Narnia & Living in Forgiveness

I am now reading back through the Chronicles of Narnia with my younger children. No matter how many times I re-read these stories it is a gospel-rich joy. It is fun to share the wonder with my children to whom it is new and to be caught up in the stories again.

Recently we read the section where the White Witch lays her claim on Edmund’s life because he is a traitor. It becomes clear to everyone that she has a real claim, and this eventually leads to much fear and worry. However, C. S. Lewis’s description of Edmund at this moment is a powerful portrayal of gospel security. While the Witch is talking about her claim on a traitor and everyone is thinking of Edmund, Lewis writes:

“But Edmund had got past thinking about himself after all he’d been through and after the talk he’d had that morning. He just went on looking at Aslan. It didn’t seem to matter what the Witch said.”

The accuser is there making it clear she has a right to execute him, but Edmund is unperturbed because he keeps his eyes fixed on Aslan. Of course, ‘the talk he’d had that morning’ was with Aslan, where he had repented and Aslan had restored him. With the knowledge that Aslan had restored and accepted him, the Witches words, no matter how frightening, mattered not all.

If you’ve read the stories you know Alsan is a picture of Jesus and the Witch represents Satan, our accuser. We need to learn the lesson Edmund learned. So often, when the enemy brings his accusations against us we are flustered and try to defend ourselves. We know that ultimately we are guilty. Our hope lies not in our righteousness but in the work of our Advocate. We must quiet ourselves and let Him speak. If we will set our eyes on Him, then it will not seem to matter what the Accuser says. As we sing:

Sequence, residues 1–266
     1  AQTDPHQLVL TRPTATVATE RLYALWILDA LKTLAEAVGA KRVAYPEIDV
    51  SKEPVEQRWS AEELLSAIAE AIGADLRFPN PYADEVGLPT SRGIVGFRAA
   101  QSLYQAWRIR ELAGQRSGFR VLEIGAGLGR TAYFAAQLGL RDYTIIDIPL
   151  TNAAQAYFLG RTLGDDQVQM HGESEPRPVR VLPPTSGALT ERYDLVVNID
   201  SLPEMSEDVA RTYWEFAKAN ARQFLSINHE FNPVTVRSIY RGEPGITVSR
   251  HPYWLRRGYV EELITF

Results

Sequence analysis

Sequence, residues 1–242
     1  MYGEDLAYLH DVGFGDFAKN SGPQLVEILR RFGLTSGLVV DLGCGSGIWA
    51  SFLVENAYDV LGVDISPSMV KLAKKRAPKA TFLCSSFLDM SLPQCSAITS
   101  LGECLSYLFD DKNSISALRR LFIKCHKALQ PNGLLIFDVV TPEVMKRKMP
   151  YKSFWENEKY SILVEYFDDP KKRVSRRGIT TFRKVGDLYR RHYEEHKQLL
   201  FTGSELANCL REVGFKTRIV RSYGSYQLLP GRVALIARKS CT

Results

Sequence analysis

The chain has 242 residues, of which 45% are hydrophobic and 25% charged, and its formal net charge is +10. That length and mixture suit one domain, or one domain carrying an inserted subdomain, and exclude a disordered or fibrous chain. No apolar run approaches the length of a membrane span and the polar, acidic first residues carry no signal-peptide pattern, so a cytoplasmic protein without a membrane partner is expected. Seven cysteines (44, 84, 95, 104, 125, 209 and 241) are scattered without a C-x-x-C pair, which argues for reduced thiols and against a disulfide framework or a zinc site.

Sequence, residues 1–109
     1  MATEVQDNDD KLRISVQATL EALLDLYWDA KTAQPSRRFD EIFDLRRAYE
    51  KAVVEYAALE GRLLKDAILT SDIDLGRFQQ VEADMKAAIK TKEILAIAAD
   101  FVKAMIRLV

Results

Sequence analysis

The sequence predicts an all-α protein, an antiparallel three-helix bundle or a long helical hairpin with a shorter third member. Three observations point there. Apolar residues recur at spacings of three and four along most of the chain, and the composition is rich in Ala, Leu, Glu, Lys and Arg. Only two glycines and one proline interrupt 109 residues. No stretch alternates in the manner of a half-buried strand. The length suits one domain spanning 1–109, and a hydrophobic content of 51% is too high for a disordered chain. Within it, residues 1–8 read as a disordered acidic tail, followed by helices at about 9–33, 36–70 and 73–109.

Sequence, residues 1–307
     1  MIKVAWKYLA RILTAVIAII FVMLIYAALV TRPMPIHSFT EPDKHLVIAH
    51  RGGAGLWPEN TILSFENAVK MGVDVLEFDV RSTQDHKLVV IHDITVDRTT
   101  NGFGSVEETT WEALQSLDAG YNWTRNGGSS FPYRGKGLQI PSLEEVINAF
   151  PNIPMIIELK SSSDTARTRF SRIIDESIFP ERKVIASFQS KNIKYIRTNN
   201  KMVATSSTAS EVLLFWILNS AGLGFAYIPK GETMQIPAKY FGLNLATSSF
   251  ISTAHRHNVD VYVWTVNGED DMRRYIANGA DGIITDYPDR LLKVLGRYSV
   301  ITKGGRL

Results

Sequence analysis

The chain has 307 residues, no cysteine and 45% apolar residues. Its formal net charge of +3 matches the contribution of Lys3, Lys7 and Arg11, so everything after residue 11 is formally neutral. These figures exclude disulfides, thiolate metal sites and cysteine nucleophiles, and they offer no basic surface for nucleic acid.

“When Satan tempts me to despair,
And tells me of the guilt within
Upward I look and see Him there
Who made an end to all my sin.”

And the song writer is simply expressing the truths of the book of Hebrews from passages like this one:

since we have a great high priest over the house of God,  let us draw near with a true heart in full assurance of faith, our hearts sprinkled clean from an evil conscience and our bodies washed in pure water (Heb 10:21-22).

Our evil conscience cooperates with the Devil accusing us, saying, “Who are you to draw near to God? I know your sin! I’ve seen your rebellion. You are a worm!” We dare not point to ourselves in defense. Instead, we acknowledge, “I am a worm. But behold the worm’s God!” We must fix our eyes on Jesus trusting in his work and giving no heed to the Accuser.

Who shall bring any charge against God’s elect? It is God who justifies. Who is to condemn? Christ Jesus is the one who died—more than that, who was raised—who is at the right hand of God, who indeed is interceding for us. (Rom 8:33-34)

Yes, I need to remember the lesson of Edmund and keep my eyes fixed on Jesus (Heb 12:1).

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